Privacy is an important feature in today’s software, and DevOps teams should be focused on it.
Privacy by Design, Privacy Enhancing Technology and Privacy by Default are all terms associated with privacy and software. What do they mean, and how do they affect DevOps?
I’ll explain them all in a three-part blog series. This is the first part, which focuses on Privacy By Design.
Privacy by Design, what is it?
Simply said, Privacy by Design (PbD) is an approach to systems engineering which takes privacy into account throughout the whole engineering process. This concept first emerged in a joint report on “Privacy-enhancing technologies,” produced by a working group from the Information and Privacy Commission of Ontario, Canada, the Dutch Data Protection Authority, and the Netherlands Organisation for Applied Scientific Research back in 1995.
So it is not a new term. Although the concept has been circulating in the EU for more than 20 years, it will be in legislation no sooner than next year. Alas, European legislation takes its time. The EU General Data Protection Regulation (GDPR) will be in force May 2018.
‘Privacy by Design is an approach to systems engineering which takes privacy into account throughout the whole engineering process’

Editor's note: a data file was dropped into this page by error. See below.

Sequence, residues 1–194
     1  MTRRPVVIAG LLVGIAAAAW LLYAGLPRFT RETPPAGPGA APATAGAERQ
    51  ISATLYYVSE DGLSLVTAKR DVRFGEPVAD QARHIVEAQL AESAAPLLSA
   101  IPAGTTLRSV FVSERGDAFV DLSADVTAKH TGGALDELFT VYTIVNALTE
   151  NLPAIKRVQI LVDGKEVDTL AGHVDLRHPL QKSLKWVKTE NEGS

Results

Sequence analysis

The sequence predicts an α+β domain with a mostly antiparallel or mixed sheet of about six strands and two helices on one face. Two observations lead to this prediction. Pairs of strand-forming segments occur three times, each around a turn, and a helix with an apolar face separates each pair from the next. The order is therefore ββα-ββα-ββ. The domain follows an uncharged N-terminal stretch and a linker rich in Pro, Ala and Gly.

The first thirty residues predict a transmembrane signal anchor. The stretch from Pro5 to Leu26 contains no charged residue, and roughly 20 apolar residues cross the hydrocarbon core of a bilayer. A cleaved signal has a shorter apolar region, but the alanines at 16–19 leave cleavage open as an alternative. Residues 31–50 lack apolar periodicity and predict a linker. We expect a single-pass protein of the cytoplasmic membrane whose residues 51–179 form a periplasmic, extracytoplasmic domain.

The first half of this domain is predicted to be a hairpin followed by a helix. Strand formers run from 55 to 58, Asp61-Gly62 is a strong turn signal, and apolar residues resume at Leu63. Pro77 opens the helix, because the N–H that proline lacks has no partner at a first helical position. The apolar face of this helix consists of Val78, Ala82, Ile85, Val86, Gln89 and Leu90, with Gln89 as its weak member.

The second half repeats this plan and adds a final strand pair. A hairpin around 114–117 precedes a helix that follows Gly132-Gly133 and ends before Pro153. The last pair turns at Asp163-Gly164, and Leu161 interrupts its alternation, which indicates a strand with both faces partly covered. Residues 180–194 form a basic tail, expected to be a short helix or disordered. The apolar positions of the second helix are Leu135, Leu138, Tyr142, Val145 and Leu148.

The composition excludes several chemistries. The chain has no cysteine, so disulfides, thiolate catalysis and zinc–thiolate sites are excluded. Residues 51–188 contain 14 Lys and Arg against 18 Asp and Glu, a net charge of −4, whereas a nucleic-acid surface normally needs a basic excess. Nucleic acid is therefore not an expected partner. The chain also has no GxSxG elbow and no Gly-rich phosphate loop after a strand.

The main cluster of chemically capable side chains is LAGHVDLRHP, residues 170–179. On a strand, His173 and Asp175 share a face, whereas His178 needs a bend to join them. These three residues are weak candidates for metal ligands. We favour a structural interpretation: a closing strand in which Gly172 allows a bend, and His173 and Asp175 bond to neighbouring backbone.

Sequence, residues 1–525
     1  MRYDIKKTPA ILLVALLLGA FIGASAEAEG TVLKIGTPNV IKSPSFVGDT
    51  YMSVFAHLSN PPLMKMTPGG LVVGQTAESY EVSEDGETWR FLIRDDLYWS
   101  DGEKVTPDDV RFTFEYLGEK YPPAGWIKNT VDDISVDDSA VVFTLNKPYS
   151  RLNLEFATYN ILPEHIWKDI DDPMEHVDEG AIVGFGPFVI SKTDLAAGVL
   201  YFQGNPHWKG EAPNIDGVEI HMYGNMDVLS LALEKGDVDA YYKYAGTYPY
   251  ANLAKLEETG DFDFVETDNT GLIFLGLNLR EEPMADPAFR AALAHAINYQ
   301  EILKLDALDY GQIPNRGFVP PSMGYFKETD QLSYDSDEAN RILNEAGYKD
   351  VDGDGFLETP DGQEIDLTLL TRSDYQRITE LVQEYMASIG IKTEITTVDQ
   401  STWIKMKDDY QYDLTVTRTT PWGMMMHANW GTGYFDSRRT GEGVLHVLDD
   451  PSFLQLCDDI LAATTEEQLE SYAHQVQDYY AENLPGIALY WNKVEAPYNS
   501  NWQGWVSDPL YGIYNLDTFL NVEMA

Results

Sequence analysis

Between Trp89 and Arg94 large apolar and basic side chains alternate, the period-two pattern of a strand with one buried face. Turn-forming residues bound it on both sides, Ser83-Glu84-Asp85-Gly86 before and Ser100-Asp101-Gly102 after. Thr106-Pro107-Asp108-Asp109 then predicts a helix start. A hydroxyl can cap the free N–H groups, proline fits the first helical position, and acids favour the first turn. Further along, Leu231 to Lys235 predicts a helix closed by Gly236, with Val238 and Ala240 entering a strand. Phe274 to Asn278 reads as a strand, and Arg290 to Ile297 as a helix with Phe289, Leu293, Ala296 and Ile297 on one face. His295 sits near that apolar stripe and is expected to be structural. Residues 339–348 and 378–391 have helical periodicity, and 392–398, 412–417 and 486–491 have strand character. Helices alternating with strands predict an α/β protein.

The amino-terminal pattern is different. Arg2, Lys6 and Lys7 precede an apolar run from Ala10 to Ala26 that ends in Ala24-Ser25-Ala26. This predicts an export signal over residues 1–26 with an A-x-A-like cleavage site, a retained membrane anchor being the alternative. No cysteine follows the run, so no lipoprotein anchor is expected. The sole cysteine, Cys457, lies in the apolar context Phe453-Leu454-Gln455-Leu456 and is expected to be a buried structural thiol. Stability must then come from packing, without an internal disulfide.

With the GDPR, in today’s software development, PbD is very important. How can DevOps address this?
Privacy by Design Principles and DevOps
Every approach has its principles.
For PbD, these are:
1 Proactive not reactive; also, preventative not remedial
2 Privacy as the default setting
3 Privacy embedded into design
4 Full functionality: positive-sum, not zero-sum
5 End-to-end security: full lifecycle protection
6 Visibility and transparency: keep it open
7 Respect for user privacy: keep it user-centric
These principles are, as you can see, very related to information security, but are still ambiguous. This could give DevOps teams a tough time creating user stories. That’s why parties like OWASP try to provide PbD guidelines to put into practice.
The top 10 privacy risks OWASP recognizes are:
P1 Web application vulnerabilities
P2 Operator-sided data leakage
P3 Insufficient data breach response
P4 Insufficient deletion of personal data
P5 Non-transparent policies, terms and conditions
P6 Collection of data not required for the primary purpose
P7 Sharing of data with third party
P8 Outdated personal data
P9 Missing or insufficient session expiration
P10 Insecure data transfer
This sounds less ambiguous than the seven PbD-principles, and can be incorporated as user stories in every DevOps backlog.
Privacy by Design and Tooling
I can simply give you a list of DevOps tools addressing PbD, but that’s not the goal of this article.
It is crucial as a DevOps team member that you know both what PbD is, and how you can implement it in your daily work. Guidelines like those from OWASP can help. If you follow their principles and guidelines, you can then choose a suitable tool.
Privacy by Design is a systems engineering approach which takes privacy into account throughout the whole engineering process.
Due to new privacy regulation like the GDPR, it is very important for DevOps teams to incorporate its principles into their daily work.
OWASP guidelines can be used for this, including the selection of a suitable tool.